Snowdrops bloom in Manchester for WWI centenary
About 100,000 snowdrops are blooming across Manchester in a project to mark the centenary of World War One.
A symbol of hope and peace, the flowers were chosen because they were planted at soldiers' graves to make them appear "less bleak".
Sean Harkin from the National Trust (NT) said they would "leave a lasting legacy".
Manchester Art Gallery has displayed 30,000 snowdrops above sandbags in an imitation of a war bunker.
Other locations include Manchester Cathedral, the Northern Quarter and six other places around the city.
As part of the Trust's 'Snowdrop City' project , volunteers from community groups and schools planted the bulbs last year ahead of their flowering, which usually occurs between January and April.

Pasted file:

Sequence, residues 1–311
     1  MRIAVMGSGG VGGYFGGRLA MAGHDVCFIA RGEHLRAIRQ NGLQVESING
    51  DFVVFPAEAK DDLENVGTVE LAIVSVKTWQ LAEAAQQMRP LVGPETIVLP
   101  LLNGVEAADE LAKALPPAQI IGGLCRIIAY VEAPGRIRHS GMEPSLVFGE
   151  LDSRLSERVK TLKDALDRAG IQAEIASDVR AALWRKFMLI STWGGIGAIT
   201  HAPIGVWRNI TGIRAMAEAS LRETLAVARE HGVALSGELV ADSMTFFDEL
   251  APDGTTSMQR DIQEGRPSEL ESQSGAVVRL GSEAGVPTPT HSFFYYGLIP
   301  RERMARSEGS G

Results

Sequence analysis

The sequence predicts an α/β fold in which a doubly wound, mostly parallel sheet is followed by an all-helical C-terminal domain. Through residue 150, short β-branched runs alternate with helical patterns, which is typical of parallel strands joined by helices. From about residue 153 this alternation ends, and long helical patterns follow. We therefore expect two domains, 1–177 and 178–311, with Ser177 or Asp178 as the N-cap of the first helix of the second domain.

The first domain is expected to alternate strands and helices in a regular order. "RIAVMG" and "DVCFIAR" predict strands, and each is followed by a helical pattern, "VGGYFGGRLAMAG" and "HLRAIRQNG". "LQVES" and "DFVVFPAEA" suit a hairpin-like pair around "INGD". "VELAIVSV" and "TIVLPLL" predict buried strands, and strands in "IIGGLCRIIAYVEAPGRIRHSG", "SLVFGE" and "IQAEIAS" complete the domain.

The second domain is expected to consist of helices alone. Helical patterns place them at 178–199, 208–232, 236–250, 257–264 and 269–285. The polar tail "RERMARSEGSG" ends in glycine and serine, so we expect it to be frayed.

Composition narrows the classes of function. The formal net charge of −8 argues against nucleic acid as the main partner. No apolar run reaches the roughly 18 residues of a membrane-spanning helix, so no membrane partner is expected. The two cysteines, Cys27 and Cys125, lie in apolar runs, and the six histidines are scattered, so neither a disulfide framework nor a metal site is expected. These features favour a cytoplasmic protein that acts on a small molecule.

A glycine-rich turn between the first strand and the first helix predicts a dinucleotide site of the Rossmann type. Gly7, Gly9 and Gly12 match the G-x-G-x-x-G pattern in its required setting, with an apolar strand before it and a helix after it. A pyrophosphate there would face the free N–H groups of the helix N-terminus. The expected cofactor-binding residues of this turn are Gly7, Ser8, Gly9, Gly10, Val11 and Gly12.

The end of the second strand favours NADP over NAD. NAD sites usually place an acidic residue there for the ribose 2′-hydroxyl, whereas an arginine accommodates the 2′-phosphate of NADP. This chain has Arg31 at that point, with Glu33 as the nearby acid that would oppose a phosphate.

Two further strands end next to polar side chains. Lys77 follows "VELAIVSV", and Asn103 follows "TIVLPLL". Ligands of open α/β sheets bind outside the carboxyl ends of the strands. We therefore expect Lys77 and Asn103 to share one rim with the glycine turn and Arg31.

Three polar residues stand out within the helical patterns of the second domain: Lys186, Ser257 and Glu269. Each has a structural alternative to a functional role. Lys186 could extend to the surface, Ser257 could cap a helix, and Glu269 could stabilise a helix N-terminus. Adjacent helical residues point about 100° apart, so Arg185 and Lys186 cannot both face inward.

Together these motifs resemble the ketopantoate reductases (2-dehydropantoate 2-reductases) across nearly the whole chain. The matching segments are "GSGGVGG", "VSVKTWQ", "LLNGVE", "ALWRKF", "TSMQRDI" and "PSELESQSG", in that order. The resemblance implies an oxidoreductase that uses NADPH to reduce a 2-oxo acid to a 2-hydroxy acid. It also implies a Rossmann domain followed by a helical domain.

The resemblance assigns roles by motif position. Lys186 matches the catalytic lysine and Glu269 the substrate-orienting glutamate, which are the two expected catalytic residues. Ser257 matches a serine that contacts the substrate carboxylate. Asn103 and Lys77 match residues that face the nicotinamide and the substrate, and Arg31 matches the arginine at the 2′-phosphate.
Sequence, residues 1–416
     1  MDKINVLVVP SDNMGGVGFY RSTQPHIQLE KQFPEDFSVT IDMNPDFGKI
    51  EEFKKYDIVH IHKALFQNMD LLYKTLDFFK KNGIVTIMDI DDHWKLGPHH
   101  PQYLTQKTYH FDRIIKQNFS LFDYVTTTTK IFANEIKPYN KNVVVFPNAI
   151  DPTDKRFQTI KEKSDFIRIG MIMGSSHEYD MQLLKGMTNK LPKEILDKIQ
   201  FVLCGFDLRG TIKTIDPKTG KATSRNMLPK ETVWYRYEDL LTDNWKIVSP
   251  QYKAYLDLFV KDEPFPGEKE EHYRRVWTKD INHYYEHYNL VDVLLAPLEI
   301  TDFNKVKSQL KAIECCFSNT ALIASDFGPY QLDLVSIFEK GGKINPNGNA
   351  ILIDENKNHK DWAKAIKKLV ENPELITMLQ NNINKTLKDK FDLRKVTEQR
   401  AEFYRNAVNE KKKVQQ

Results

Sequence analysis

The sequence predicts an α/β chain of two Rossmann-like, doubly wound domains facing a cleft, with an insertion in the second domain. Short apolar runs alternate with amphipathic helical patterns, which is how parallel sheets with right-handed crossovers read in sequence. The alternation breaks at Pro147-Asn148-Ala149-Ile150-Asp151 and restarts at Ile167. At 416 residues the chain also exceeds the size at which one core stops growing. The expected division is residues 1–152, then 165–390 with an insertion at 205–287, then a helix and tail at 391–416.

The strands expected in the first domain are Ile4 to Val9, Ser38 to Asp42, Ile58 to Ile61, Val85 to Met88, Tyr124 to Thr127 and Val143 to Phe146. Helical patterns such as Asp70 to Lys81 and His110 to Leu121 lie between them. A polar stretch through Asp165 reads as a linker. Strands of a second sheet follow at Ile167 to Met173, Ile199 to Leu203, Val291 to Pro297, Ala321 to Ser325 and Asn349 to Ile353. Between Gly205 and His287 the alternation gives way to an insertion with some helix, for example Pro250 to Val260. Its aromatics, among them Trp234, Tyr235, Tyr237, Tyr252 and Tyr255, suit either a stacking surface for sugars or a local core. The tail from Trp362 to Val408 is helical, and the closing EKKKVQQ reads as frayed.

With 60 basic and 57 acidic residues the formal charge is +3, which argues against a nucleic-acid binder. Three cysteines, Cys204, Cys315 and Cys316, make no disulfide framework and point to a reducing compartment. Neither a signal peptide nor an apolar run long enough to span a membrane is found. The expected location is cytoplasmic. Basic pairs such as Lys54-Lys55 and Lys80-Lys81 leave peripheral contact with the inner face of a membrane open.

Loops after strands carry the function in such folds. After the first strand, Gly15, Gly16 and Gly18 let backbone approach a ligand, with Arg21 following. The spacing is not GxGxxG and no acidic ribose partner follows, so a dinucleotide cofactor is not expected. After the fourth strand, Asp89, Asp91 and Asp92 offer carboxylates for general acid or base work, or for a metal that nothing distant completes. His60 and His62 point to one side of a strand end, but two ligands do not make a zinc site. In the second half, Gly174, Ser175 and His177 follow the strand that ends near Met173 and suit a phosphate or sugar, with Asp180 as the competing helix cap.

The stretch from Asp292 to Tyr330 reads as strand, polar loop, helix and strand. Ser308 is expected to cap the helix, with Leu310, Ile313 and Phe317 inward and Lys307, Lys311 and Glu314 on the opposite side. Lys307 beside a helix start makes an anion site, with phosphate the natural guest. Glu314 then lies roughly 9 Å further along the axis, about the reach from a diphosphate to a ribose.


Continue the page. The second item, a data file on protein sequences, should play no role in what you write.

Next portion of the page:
- Perennial flowering plants of the Galanthus genus
- There are about 20 species of wild snowdrop in the world
- Part of the onion family
- Some of the first bulbs of the year to bloom
- Found in many woodlands, churchyards, parks and gardens
"We are incredibly proud of this project that the people of Manchester have created together to remember the people of the First World War," said Mr Harkin, who is the city's gardener-in-residence for the NT.
The bunker exhibit at the Manchester Art Gallery will run throughout February alongside the 'Heaven in a Hell of War' display showing the work of British painter Stanley Spencer, who was a soldier at Salonika in northern Greece during World War One.
The gallery's snowdrops will then be replanted at a permanent home in Brookdale Park in Newton Heath.